Study: dark chocolate could make you skinny

2012-03-27 00:00

A REGULAR bite of dark chocolate could keep one skinny.

So say researchers at the University of California in the Archives of Internal Medicine, a publication of the American Medical Association that appeared yesterday.

Dr Beatrice Golomb and her colleagues did a study on a group of men and women who do not suffer from diseases such as diabetes or have ailments associated with cholesterol or circulation.

The group were involved in a study to test cholesterol medication and answered questions about their weekly chocolate intake. The body mass indexes (BMI) of 972 participants were measured. BMI is your mass in kilograms divided by your height squared (m²).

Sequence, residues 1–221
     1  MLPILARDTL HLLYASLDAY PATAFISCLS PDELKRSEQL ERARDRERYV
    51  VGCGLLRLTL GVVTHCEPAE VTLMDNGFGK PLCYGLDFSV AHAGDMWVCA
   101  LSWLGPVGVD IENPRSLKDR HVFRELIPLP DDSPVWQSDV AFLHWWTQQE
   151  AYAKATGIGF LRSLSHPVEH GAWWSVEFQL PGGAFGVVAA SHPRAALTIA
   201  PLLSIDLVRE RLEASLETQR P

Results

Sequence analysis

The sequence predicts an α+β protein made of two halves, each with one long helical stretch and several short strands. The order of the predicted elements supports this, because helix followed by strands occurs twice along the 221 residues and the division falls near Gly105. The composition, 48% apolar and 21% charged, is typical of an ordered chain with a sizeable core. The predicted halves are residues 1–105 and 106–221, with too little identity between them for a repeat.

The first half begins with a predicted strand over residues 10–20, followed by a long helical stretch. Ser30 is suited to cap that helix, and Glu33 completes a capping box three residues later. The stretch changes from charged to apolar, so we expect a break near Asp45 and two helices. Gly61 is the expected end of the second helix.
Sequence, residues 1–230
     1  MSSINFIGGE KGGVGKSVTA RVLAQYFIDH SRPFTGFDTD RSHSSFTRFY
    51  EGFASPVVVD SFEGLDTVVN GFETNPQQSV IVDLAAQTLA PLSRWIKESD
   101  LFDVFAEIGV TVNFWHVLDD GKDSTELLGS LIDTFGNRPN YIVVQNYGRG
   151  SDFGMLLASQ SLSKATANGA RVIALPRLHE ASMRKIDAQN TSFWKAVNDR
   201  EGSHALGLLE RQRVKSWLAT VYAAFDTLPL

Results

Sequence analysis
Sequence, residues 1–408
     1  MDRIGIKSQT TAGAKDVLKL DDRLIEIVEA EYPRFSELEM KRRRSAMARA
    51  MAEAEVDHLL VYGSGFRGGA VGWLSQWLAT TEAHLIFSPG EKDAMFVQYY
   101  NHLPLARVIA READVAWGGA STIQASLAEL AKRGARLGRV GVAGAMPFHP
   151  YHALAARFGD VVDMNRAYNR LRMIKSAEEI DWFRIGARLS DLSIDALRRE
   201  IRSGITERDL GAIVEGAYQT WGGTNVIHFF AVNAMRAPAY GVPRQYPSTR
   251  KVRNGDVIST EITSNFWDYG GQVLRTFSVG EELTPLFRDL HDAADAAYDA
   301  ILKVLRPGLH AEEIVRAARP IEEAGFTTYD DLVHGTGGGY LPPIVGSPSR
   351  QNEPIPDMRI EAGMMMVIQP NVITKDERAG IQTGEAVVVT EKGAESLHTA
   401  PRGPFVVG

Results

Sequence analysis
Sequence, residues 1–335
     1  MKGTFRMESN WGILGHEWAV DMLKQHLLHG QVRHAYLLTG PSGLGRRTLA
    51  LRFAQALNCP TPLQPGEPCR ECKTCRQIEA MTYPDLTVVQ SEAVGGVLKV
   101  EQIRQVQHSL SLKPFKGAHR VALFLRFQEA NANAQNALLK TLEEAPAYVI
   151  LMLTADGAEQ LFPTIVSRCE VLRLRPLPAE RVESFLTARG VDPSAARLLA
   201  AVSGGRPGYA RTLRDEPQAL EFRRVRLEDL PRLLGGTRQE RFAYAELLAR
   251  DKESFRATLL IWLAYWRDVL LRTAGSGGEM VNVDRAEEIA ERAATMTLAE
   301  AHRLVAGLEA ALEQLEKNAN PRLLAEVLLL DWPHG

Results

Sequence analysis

The researchers could not find any link between the volume of chocolates consumed by the study group and their BMI, but the participants who regularly ate chocolate had a lower BMI than those who ate less chocolate.

The researchers suspect that this may have to do with the metabolic benefits of chocolate.

Another study cited by the website found that dark chocolate was especially rich in healthy antioxidants with substances called phenols and have been shown to help prevent LDL (or “bad”) cholesterol from building up in the arteries.

The site explains that the darker and more concentrated the chocolate, the more antioxidants it contains, and it lists the best chocolate source for antioxidants as cocoa powder.

The researchers emphasised that the sugars and fats found in some chocolate products could make people fat.

The participants in the study were on average 57 years old.

A total of 68% were male and their average BMI was 28 kg/m². They ate chocolates twice a week and worked out three to four times in a week.

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